The Falcons open training camp this week. They play their first regular-season game in seven weeks. They will be judged in six months.
This is their new reality.
The question with this franchise used to be, “Can they walk straight?” The answer generally was no.
Things improved. The question became, “Can they compete?” The answer over the past four seasons mostly has been yes, at least through December.
But after raising the bar with three playoff appearances in four seasons following mostly decades of infamy, the question now is a more difficult one to answer: Have they have hit a wall?
Some within the organization believe the criticism for postseason failures has been a bit too harsh. After all, two of the team’s three playoff losses have come against eventual Super Bowl winners (Green Bay and New York). The other came in quarterback Matt Ryan’s rookie season and against a team that went to the Super Bowl (Arizona). But for those believing too much is being expected for a franchise that now is fielding a respectable product, these contrasting numbers might explain the dissatisfaction.
•The Good: The Falcons’ regular-season record the past four years is 43-21. That’s an impressive .672 won-loss percentage for a franchise that entered the Thomas Dimitroff-Mike Smith-Matt Ryan regime in 2008 with a won-loss percentage of .405 (256-378-6). The 43-21 record also ranks fifth best, behind only New England (48-16), Pittsburgh (45-19), New Orleans (45-19) and Baltimore (44-20). However …
• The Bad: Among the 11 teams with the best records since 2008, the Falcons (0-3) are the only one that has failed to win a playoff game. Six of the 11 have gone to Super Bowls. Four others have won at least one postseason game: Baltimore (5-4), Philadelphia (2-3), San Diego (1-2) and the New York Jets (2-1). The Falcons are among six of the NFC’s 16 teams not to win a playoff game in that span (the others: Carolina, Detroit, St. Louis, Tampa Bay, Washington).
So yes, this little run of infamy is gaining significance.
It follows that grand projections shouldn’t be made after the team’s season opener at Kansas City on Sept. 9. Or after games against Philadelphia and Dallas. Or following the two meetings with New Orleans. We saw double-digit win totals and home-field advantage and a bye fail to equate to playoff success. The Falcons were body-slammed by Green Bay two years ago at home and, after vowing this time things would be different, went into New York last January and was shut out (save a safety, 24-2).
Smith understands the team will be graded on the playoffs, as will he. With five assistants from 2011 staff gone — either by their choice or fired – the focus is on him more than ever.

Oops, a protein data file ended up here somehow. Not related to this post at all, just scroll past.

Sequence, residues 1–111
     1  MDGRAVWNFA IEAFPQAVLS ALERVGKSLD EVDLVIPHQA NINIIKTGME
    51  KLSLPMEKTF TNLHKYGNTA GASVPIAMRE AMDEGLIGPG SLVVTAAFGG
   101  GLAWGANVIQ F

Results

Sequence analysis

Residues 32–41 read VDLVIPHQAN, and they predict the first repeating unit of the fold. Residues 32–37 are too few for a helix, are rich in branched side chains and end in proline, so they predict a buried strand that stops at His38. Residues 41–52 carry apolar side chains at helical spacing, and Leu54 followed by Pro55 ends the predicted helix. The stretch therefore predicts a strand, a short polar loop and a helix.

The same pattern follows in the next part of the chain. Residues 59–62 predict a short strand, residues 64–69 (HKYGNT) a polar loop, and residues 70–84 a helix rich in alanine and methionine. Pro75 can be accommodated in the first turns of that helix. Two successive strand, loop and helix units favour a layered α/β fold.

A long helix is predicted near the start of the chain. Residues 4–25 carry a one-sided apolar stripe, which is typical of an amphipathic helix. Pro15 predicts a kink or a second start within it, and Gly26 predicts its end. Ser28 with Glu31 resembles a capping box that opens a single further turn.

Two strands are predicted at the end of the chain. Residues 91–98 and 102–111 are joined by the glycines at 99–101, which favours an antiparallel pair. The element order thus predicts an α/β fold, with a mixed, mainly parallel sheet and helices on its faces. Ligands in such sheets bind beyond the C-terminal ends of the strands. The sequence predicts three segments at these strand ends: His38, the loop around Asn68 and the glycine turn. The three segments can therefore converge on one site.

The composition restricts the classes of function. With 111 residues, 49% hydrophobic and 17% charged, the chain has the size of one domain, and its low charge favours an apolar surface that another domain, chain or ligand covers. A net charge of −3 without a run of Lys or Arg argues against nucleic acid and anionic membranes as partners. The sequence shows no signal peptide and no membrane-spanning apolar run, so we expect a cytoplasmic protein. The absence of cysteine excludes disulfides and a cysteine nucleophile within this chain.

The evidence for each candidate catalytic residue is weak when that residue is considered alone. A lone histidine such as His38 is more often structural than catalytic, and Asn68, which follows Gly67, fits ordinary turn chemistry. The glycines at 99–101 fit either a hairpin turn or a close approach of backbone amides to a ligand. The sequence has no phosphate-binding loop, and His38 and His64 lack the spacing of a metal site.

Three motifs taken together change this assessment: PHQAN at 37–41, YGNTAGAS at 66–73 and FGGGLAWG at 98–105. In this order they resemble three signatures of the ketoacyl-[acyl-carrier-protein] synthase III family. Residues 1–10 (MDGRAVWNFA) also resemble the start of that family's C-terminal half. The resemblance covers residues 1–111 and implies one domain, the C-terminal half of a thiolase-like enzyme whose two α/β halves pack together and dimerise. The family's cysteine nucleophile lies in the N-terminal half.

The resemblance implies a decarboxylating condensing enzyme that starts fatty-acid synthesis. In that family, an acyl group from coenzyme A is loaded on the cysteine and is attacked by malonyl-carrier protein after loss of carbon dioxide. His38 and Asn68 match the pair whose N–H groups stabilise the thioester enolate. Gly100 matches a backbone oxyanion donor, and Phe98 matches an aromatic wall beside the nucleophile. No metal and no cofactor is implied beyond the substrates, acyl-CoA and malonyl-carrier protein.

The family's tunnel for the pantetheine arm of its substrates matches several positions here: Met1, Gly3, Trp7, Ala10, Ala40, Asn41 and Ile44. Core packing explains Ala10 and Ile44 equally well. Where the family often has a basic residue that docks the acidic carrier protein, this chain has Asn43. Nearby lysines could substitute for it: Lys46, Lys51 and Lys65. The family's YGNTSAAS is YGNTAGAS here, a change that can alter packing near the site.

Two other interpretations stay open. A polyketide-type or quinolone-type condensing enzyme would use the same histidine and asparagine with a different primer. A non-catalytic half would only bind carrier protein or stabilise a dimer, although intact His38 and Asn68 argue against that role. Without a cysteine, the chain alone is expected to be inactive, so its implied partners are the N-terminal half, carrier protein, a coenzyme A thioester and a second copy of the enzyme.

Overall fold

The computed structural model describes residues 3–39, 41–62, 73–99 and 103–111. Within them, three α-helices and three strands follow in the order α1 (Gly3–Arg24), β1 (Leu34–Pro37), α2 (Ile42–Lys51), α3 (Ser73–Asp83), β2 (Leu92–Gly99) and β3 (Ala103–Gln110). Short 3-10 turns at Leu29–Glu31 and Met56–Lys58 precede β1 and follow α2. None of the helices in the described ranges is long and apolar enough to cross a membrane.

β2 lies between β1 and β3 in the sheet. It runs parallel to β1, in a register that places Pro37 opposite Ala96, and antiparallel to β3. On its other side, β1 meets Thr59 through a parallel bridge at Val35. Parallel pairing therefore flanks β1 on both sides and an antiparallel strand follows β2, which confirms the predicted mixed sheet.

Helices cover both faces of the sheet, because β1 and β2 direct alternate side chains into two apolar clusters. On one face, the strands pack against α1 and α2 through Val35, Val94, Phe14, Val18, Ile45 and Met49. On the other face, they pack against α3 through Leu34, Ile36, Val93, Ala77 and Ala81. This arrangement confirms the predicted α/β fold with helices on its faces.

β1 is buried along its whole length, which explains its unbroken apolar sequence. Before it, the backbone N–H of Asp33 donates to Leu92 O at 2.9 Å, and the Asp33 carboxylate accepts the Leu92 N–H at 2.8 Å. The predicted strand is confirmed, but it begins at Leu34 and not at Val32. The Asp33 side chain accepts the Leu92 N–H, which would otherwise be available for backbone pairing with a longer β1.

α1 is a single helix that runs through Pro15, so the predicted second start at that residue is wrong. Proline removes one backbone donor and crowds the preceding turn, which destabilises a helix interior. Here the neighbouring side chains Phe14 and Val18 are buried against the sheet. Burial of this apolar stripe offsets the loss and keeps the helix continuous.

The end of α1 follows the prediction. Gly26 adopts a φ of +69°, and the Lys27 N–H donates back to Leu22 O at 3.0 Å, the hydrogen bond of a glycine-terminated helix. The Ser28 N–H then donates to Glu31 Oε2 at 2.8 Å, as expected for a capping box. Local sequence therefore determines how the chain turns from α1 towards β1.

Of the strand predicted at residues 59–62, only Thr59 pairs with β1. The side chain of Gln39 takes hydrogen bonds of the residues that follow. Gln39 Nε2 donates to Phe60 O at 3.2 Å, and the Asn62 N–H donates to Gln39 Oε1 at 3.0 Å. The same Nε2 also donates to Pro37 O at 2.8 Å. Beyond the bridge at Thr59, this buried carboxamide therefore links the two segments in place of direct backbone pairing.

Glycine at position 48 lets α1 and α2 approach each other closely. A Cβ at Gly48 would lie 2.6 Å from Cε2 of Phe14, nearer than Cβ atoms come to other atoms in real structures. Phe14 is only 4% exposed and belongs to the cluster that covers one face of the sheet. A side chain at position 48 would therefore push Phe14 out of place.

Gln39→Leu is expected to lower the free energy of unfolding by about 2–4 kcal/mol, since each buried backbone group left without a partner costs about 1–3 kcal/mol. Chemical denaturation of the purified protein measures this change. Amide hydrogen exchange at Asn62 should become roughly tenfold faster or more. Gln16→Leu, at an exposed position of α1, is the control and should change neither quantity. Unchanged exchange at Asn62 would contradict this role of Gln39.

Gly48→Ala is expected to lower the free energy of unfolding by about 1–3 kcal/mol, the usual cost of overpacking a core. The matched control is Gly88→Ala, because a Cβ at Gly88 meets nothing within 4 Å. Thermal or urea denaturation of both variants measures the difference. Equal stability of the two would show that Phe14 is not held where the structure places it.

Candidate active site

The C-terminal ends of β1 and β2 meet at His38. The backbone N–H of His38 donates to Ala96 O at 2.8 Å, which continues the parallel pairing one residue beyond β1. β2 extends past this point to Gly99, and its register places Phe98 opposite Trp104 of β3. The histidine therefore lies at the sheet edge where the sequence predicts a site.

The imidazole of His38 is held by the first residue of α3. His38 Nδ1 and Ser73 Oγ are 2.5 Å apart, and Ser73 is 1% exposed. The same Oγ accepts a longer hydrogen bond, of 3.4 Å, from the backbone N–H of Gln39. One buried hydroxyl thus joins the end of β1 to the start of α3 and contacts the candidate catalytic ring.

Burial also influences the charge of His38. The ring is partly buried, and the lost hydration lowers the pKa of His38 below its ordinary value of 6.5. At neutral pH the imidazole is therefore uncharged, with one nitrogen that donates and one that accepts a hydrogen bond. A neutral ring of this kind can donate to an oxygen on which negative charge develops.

“I think [the playoffs] is how everybody measures themselves,” he said. “We didn’t talk about expectations in the first year. We talked about milestones. One of them we wanted to reach was to participate in the second season. Where we are now and how we’ve developed in our first four years, we’re going to judged on the playoffs.”
When asked if he has picked up on something that the team has been missing in the postseason, Smith said: “It’s been a group effort. We haven’t played well in all three phases. We’ve turned the ball over. We haven’t protected well. We’ve given up big plays. We haven’t coached well. We made some coaching decisions that, when we took a second look at it, didn’t turn out well.”
There is some reason for optimism. The acquisition of cornerback Asante Samuel from Philadelphia should help the defense. Dunta Robinson’s likely move inside in the nickel will play to his strengths. If we assume that most of Ray Edwards’ problems in his first season with the Falcons were injury related, then the defensive front and the pass rush also should be improved.
But there also is reason to wonder. The offensive line remains a work in progress (theoretically). It would help if either draft pick, Peter Konz (guard) or Lamar Holmes (tackle), can contribute. But the possible return of Sam Baker at left tackle again doesn’t provide much comfort. The website ProFootballFocus.com ranked Baker 74th out of 75 offensive tackles in the NFL in “pass blocking efficiency” last season (after allowing 28 “pressures” in 242 snaps).
We’ll find out something in Kansas City, and in the 15 games that follow. But it won’t be determined until the playoffs whether they’ve hit a wall.
By Jeff Schultz
NFL won-loss records and cumulative playoff results since 2008:
TEAM SEASON PLAYOFFS
New England 48-16 2-3 (lost Super Bowl)
Pittsburgh 45-19 5-2 (won, lost Super Bowls)
New Orleans 45-19 4-2 (won Super Bowl)
Baltimore 44-20 5-4
Falcons 43-21 0-3
Green Bay 42-22 4-2 (won Super Bowl)
NY Giants 39-25 4-1 (won Super Bowl)
Philadelphia 39-25 2-3
Indianapolis 38-26 2-3 (lost Super Bowl)
San Diego 38-26 1-2
NY Jets 37-27 2-1